Things to be thankful for in Missouri

The day of thankful feasting is upon us, and Fort Leonard Wood dining facilities expect to feed some 10,000 troops a celebratory Thanksgiving meal.

But, to ensure no hungry soul goes without a meal, the post’s dining facilities plan on serving 26,000 meals throughout the day to troops and family members.

For this day to be a success, it takes quite a bit of preparation, patience and coordination.

“It is one of the most challenging and enjoyable days of the year,” said William Moffitt, Installation Food Program manager. “It takes a team effort and true care from our food service professionals to put this meal out.”

Moffitt estimates that more than four tons of turkey, 1,000 pounds of shrimp, 3,000 pounds of rib eye and more than 1,800 assorted pies are slated to be served at Fort Leonard Wood Thanksgiving Day. There is a tremendous amount of effort that goes into preparing that much food, Moffitt said. More than 700 food service personnel work together to prepare this special meal.

“I start planning for the next Thanksgiving meal the day after Thanksgiving. There is always something we can do better, and we take note,” Moffitt said. “Then the logistics part starts about 90 days out from Thanksgiving until the delivery a week out and daily preparation that week,” Moffitt said. “Getting good products in — in the right quantities — is one of the first challenges. Then the actual day, managers and cooks orchestrate all the pre-planning, preparation and cooking together to come up with the final products and layout of a fine meal and atmosphere,” he said.

According to Fort Leonard Wood officials, battalion command teams, companies and cadre block off times to serve and eat with their soldiers-in-training.

“Melded in one common goal; officers and noncommissioned officers serve and greet our future war fighters to make it a truly festive day,” Moffitt said.

Moffitt said seeing the trainees’ stressful looks transition to gazes of pride, optimism and the realization of being a member of the most awesome organization is fun to see.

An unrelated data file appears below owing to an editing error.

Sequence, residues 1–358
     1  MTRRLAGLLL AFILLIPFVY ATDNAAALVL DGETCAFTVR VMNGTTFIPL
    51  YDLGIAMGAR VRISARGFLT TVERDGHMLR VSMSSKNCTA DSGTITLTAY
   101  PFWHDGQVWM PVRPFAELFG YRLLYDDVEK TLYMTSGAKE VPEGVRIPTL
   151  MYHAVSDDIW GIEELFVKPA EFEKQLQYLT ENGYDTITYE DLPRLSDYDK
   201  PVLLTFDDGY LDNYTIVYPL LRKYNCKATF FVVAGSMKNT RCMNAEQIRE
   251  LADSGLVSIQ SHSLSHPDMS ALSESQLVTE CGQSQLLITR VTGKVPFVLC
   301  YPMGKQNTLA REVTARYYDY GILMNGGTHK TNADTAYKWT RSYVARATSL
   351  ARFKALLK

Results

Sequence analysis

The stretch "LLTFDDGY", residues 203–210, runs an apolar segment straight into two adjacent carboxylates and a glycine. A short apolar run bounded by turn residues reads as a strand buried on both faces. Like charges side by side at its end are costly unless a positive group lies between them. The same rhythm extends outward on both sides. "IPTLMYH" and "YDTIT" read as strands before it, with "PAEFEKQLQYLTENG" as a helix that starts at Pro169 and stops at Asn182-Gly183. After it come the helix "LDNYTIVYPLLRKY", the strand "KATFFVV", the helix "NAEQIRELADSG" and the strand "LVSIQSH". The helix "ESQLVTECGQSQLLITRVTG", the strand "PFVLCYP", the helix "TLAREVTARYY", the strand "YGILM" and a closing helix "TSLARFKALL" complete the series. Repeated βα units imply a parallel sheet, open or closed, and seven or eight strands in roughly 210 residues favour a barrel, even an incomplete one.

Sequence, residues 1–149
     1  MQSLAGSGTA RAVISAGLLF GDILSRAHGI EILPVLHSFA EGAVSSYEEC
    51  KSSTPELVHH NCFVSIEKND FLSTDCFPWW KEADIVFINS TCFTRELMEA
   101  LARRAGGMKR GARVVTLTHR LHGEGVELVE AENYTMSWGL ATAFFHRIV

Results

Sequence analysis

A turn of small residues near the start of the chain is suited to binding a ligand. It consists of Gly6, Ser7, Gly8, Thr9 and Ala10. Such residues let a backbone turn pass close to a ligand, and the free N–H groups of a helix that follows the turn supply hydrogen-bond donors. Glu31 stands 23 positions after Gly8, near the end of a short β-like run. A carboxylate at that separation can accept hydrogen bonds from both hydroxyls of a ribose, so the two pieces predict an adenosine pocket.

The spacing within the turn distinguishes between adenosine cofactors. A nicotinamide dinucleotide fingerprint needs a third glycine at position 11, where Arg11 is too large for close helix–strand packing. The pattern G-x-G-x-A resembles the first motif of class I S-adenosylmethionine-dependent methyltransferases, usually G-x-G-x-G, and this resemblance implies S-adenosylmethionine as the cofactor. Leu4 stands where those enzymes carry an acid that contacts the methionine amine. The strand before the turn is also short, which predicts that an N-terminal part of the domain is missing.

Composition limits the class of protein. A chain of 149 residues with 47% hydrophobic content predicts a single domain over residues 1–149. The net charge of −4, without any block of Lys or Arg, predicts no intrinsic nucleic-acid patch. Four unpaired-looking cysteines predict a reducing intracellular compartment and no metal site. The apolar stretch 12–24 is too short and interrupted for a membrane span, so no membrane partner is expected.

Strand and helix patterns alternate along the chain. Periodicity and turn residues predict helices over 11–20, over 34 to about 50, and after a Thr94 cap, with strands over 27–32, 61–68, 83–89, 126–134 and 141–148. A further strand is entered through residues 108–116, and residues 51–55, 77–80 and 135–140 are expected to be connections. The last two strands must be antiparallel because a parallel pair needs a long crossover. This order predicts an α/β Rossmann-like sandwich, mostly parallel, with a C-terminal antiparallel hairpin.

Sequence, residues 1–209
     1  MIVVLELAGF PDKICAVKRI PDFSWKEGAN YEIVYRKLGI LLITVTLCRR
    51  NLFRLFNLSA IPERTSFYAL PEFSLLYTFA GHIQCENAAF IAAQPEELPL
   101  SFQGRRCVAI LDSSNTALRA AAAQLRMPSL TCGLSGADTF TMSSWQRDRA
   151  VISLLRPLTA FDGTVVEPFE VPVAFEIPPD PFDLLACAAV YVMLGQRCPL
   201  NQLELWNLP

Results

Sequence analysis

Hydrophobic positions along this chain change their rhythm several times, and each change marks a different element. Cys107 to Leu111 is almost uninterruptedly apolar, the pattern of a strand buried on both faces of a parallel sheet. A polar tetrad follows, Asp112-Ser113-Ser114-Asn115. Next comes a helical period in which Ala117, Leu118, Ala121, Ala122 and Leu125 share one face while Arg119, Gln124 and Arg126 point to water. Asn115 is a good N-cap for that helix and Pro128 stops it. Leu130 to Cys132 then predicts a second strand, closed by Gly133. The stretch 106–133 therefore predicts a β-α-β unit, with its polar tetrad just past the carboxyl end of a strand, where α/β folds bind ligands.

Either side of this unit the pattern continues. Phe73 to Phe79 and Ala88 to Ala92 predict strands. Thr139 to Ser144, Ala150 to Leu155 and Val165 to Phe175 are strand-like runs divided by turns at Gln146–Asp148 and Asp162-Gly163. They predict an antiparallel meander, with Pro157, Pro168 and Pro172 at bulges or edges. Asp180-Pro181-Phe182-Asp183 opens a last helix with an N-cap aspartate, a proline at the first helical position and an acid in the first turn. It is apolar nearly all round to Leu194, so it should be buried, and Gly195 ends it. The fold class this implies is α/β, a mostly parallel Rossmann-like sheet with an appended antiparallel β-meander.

“This is probably the first time these soldiers have been away from their families during the holiday season. The Army is a family, and this is about the best way we as leaders can show our soldiers this,” an official said. “We as an Army family have to take time to show our service back to our soldiers. Leaders serving their soldiers this day shows our thanks and appreciation for what they do.”

It’s not just troops eating on post Thanksgiving Day —many family members choose to eat on post in order to enjoy dinner with their loved ones who are working.

Family members are invited to eat in their service members assigned dining facility, while retirees/veterans are invited to eat in the dining facility at 6111 Indiana Ave., Moffitt said. The Dauntless Diner, previously named Tony’s, is scheduled to be closed.

The Department of the Army’s 2013 Thanksgiving holiday meal rate is $7.60. All service members receiving basic allowance for subsistence, regardless of their grade/rank, are required to pay the $7.60 holiday meal rate. Guests of service members are also required to pay the $7.60 holiday meal rate. Dependents of service members in the grade of E4 and below are required to pay the discounted holiday meal rate of $6.45.

Whole Boneless Turkey 4,505 lbs

Ham 1,987 lbs

Rib Eye Steak 3,100 lbs

Shrimp P&D 1,324 lbs

Giblets 160 lbs

Whipped Topping, 16 oz 512 oz

Egg Nog 1,122 qt

Pumpkin Pie 456 ea

Apple Pie 162 ea

Cherry Pie 174 ea

Peach Pie 144 ea

Sweet Potato Pie 198 ea

Pecan Pie 246 ea

Mincemeat Pie 144 ea

Shell Nuts 400 lbs

Mixed Nuts 372 lbs

Cocktail Sauce 114 qt

Banana Cake 8 ea

Cheese Cake 48 ea

German Choc Cake 8 ea

Orange Cake 8 ea

Butterscotch Candy 342 lbs 

Toffee Candy, assorted 544 lbs

tarlight Mints  432 lbs

Gourds (decoration) 373 ea

Indian Corn (decoration) 304 ea

Pumpkins (decoration) 286 ea

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